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Issue 12, 2012
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Hydrophobic droplets in amphiphilic bilayers: a coarse-grained mean-field theory study

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Abstract

Hydrophobic molecules such as oils and certain drugs can be encapsulated between the two leaflets of an amphiphilic bilayer in both lipid and polymer systems. We investigate the case where the hydrophobic molecules are incompatible with the amphiphile tails and so form droplets. Using a coarse-grained mean-field model (self-consistent field theory, or SCFT), we find that droplets of a wide range of sizes have the same characteristic lens shape, and explain this result in terms of simple capillarity arguments, consistent with the measured variations of surface concentrations of amphiphile in the bilayer and in the monolayers that cover the droplet. We study the effect of the strength χBO of the repulsion between the hydrophobic liquid and the amphiphile tails on the droplet shape, and find a gradual flattening of the droplet as χBO is reduced. The droplet remains at least metastable even at very low values of χBO. This is in contrast to the behavior as the length of the hydrophobic molecules is varied. Specifically, if these molecules are at least as long as the amphiphile tails, increasing their length further is found to have little effect on the droplet shape, while reducing their length below this value quickly causes the droplet to become unstable.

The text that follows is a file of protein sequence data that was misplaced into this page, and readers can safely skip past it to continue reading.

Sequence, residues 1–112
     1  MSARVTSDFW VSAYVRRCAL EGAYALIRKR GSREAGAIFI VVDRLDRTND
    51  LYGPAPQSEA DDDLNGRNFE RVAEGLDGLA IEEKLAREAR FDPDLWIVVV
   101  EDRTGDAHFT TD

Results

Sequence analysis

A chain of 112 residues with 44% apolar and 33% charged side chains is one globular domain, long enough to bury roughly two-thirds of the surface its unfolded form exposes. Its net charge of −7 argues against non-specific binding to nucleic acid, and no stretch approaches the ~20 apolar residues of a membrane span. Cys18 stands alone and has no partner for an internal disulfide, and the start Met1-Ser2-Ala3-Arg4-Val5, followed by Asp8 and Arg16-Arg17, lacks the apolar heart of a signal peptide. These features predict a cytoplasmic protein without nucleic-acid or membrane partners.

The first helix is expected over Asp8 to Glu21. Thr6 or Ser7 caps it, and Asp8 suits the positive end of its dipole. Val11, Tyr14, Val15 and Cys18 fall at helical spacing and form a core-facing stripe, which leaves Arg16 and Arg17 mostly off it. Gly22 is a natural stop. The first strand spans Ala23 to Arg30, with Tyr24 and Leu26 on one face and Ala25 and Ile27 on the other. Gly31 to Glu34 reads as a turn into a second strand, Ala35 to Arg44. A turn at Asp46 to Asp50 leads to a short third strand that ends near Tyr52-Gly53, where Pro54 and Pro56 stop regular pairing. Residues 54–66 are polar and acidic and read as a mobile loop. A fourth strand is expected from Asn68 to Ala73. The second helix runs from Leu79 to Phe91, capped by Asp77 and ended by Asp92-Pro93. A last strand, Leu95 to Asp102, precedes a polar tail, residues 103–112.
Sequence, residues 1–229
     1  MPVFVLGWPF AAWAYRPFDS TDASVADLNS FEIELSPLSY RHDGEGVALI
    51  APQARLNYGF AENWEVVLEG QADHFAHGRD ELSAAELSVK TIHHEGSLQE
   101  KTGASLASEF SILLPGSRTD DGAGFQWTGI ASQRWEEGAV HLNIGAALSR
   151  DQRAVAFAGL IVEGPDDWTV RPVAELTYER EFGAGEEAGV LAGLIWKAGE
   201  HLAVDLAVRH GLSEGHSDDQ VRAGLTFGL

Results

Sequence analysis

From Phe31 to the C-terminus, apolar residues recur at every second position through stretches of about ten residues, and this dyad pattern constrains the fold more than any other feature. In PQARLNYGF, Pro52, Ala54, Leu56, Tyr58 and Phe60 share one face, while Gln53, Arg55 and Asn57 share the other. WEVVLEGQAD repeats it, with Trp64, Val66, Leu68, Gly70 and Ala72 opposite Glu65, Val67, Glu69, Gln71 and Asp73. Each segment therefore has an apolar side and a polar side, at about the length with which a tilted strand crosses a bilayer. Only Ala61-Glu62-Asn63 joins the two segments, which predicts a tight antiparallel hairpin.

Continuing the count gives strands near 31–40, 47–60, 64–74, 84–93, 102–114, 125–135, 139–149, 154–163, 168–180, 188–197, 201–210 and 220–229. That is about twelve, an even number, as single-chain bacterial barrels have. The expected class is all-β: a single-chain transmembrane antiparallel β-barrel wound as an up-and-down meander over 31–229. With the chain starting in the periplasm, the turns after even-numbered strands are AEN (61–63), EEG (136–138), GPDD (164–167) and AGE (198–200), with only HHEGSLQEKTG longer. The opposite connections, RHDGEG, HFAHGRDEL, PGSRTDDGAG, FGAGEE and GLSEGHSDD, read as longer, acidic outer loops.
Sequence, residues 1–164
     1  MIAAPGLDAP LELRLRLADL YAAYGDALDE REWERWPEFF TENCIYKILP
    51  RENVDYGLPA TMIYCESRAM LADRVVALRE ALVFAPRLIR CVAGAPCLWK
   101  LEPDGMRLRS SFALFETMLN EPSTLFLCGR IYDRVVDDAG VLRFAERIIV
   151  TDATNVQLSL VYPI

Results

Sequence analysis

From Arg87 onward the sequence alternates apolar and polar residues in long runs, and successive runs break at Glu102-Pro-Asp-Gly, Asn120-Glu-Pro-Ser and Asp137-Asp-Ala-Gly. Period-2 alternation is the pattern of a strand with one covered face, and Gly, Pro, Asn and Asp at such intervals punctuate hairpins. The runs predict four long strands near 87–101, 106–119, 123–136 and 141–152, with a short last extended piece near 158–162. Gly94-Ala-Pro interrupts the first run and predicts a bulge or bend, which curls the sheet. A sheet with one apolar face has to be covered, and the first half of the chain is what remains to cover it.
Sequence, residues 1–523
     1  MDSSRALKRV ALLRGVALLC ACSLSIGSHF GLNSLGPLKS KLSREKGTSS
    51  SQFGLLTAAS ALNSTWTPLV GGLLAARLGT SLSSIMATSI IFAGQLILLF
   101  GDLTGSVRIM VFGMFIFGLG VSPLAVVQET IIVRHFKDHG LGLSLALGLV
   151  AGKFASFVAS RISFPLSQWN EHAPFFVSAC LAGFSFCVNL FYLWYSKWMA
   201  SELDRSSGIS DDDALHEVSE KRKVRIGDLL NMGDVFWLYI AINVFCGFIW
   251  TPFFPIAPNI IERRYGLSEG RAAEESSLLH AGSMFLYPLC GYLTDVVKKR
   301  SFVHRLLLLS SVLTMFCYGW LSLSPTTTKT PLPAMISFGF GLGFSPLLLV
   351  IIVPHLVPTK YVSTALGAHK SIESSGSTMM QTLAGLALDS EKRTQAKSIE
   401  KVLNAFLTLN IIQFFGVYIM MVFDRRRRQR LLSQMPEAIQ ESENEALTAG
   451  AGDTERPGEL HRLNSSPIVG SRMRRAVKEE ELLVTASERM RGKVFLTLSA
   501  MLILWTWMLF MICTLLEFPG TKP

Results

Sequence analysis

Graphical abstract: Hydrophobic droplets in amphiphilic bilayers: a coarse-grained mean-field theory study

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Article information


Submitted
16 Nov 2011
Accepted
16 Jan 2012
First published
13 Feb 2012

Soft Matter, 2012,8, 3308-3314
Article type
Paper

Hydrophobic droplets in amphiphilic bilayers: a coarse-grained mean-field theory study

M. J. Greenall and C. M. Marques, Soft Matter, 2012, 8, 3308
DOI: 10.1039/C2SM07193B

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